You love buying your shirts when they go on sale. And who can resist a buy-one-get-one-free offer? So when our stocks go on sale, why do we bemoan their low prices?

Smart investors like Warren Buffett or Marty Whitman love it when their stocks are suddenly selling at bargain-basement prices. For them, these companies become no-brainer buys.

The investors who populate the Motley Fool CAPS community also like a bargain, apparently. Below, you'll find five stocks whose shares are selling at least 50% below their 52-week highs but still earn top honors from our investor-intelligence database. Consider it a BOGO sale on stocks.


CAPS Rating (Out of 5)

% Off 52-Week High

Alvarion (NASDAQ:ALVR)



American Oriental Bioengineering (NYSE:AOB)



Foster Wheeler (NASDAQ:FWLT)



United States Natural Gas (NYSE:UNG)



Vaalco Energy (NYSE:EGY)



Naturally, we want you to look a bit closer at these stocks before buying. You can get low-priced appliances in the dent-and-ding section of your home-remodeling superstore, but their quality might not be so good. Same thing here: Make sure there's nothing seriously wrong with the company before you plug it in to your portfolio.

Take two; they're small
Although it remains well below the peaks climbed of last year, natural gas has rebounded off its recent lows. The June NYMEX contract at $3.97 per million BTUs, for example, is up over the six-year lows reached with the April contracts, but they're considerably beneath the $10.553 per MMBTUs it hit one year ago. Despite fears that the exchange-traded fund United States Natural Gas is behind the rising prices, there are other factors that might be pushing natural gas prices higher, even if inventories are at record levels.

Baker Hughes (NYSE:BHI), for example, reported that its natural gas rotary rig count fell to 728 rigs -- also a six-year low. A lower rig count will ultimately lower production, and that's what  concerns CAPS All-Star member rdpatton, who believes the lower count will be the key driver in pushing this ETF higher.

Natural gas is in a major trough. Huge number of rigs have been laid down. It is a "cleaner" fuel than coal and we have lots of it in the US. As economic activity picks up along with inflation this will double within a year or two.

Strong medicine
Even with first-quarter nutritional-product revenues growing by 29%, prescription-drug revenue growing 15%, and the over-the-counter drug sector of its business essentially unchanged, traditional Chinese medicine manufacturer American Oriental Bioengineering still fell short of analyst expectations on both revenues and profits.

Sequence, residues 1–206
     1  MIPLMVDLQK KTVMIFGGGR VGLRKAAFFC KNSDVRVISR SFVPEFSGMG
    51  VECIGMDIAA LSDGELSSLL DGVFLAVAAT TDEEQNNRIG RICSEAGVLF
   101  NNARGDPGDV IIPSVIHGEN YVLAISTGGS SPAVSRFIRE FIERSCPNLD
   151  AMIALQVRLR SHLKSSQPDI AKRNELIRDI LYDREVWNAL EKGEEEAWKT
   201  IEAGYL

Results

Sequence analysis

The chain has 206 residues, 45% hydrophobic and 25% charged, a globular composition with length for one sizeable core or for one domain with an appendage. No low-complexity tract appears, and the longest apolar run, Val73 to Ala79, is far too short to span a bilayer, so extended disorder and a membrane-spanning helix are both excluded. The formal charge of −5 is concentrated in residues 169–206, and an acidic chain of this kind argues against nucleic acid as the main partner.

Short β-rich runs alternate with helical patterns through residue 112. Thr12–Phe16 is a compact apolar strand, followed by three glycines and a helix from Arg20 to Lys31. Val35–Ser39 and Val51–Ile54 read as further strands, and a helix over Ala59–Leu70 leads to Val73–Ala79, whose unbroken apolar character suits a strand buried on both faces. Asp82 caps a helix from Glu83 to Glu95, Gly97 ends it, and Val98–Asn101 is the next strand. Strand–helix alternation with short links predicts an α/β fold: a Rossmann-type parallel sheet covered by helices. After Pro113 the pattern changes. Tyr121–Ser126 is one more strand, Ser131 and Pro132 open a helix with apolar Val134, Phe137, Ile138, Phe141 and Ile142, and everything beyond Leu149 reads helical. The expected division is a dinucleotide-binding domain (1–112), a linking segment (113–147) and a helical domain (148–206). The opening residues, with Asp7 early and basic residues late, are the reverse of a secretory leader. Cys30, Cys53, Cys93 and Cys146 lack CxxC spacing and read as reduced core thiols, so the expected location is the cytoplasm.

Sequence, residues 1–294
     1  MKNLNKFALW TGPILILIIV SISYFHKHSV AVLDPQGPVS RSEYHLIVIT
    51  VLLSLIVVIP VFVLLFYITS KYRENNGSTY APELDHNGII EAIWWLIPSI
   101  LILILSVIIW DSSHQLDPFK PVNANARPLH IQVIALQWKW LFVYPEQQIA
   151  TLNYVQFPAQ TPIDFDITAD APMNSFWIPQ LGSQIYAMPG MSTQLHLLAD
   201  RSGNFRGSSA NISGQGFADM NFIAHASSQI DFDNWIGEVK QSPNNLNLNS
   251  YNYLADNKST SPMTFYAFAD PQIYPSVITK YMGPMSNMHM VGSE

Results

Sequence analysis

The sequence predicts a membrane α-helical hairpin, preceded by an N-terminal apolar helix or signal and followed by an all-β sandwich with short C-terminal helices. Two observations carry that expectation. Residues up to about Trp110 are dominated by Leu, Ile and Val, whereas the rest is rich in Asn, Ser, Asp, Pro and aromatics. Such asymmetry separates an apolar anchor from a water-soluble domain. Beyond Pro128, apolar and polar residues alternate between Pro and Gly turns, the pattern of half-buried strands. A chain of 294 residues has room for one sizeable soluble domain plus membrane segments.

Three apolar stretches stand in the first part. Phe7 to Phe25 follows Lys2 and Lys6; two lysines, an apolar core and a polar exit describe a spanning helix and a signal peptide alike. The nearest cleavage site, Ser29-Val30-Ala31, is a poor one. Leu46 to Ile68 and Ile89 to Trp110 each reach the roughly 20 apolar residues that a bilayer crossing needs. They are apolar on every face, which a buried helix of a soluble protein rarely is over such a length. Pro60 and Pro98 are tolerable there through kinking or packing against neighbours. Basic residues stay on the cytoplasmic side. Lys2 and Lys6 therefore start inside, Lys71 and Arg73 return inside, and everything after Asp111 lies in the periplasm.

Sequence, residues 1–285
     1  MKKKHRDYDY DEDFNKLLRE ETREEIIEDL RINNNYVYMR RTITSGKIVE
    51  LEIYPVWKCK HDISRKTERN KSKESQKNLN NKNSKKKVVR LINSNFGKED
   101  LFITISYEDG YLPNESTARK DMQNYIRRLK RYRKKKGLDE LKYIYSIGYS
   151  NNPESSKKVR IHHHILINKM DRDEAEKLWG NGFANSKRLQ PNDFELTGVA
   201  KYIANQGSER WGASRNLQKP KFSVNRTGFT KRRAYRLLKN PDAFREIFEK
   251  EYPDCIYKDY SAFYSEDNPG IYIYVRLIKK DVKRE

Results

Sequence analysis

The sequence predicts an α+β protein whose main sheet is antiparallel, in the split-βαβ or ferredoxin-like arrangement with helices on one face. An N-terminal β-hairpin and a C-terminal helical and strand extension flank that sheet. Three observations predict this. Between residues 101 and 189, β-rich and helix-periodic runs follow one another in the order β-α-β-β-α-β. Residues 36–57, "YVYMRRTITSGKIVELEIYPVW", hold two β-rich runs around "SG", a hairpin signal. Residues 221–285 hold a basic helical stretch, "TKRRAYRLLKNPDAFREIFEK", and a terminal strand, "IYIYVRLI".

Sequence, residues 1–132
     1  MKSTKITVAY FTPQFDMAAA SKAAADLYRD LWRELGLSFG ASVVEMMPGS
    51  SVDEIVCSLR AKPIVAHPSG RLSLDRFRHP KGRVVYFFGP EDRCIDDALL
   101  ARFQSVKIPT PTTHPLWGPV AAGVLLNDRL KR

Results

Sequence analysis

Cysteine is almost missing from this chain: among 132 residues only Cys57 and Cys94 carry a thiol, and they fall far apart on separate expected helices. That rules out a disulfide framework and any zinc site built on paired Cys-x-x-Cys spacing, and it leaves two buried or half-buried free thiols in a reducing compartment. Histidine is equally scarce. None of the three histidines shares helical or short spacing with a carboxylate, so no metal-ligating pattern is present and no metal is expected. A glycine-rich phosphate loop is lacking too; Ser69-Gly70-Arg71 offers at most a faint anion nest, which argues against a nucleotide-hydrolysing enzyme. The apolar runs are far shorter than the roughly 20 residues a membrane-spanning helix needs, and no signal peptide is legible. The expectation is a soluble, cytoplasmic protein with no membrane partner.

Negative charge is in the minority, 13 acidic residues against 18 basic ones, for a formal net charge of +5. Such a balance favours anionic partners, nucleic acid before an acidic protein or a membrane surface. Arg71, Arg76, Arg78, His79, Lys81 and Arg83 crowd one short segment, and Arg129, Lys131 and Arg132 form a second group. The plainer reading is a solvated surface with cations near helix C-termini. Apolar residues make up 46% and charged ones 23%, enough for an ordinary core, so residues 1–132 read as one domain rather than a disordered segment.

The recession in China has no doubt caught up with the supplements company. And while top-line growth was 13% excluding the impact of the distribution business -- which it didn't have last year -- that figure represents a sharp decline from previous growth rates. Still, at a 66% compounded annual revenue growth rate over the past five years, any company would have a hard time maintaining the torrid pace AOB had been on. Tongjitang Chinese Medicines (NYSE:TCM), in comparison, though public for a shorter period of time, has achieved only a 9% CAGR over the past three years.

CAPS All-Star ChinaChaChing is unfazed and believes AOB has remained largely unscathed by the recession.

AOB, which focuses on plant-based medicine in China, is very strong financially, has been steadily expanding cash flow and earnings for years, and has a wide range of pharmaceutical products, OTC drugs and nutraceuticals to market to China. AOB ought to grow in tandem with China's economy once a proper economic recovery takes place. I am confident of this because AOB remains fundamentally unchanged by the crisis, still has over 60 products to market to the burgeoning Chinese population, and has a good relationship with the Chinese government (the State Food and Drug Administration has approved all 60 of their products). AOB is a bargain at this price methinks!

Have half a mind …
It pays to start your own research on these stocks on Motley Fool CAPS. Read a company's financial reports, scrutinize key data and charts, and examine the comments your fellow investors have made -- all from a stock's CAPS page.

Sign up today for the completely free service, and tell us whether these stocks are twice as good at half the price.

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Fool contributor Rich Duprey has no financial position in any of the stocks mentioned in this article. You can see his holdings. Test-drive the Motley Fool's full-size disclosure policy.